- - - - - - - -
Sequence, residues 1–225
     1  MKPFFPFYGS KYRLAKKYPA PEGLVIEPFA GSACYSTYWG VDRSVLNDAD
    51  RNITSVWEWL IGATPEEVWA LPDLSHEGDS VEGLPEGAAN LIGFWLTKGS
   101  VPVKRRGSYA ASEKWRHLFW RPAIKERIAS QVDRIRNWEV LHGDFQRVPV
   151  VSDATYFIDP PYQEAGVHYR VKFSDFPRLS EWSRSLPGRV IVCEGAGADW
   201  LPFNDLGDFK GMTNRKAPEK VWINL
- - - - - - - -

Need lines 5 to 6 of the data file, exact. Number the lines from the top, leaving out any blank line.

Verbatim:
   151  VSDATYFIDP PYQEAGVHYR VKFSDFPRLS EWSRSLPGRV IVCEGAGADW
   201  LPFNDLGDFK GMTNRKAPEK VWINL